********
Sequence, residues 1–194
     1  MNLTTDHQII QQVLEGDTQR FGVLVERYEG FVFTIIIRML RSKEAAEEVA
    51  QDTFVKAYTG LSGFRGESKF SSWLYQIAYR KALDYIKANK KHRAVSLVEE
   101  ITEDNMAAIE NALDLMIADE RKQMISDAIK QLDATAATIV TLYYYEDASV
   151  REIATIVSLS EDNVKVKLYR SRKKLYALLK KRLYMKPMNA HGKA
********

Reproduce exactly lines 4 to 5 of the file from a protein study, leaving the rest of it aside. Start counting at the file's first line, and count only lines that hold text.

   101  ITEDNMAAIE NALDLMIADE RKQMISDAIK QLDATAATIV TLYYYEDASV
   151  REIATIVSLS EDNVKVKLYR SRKKLYALLK KRLYMKPMNA HGKA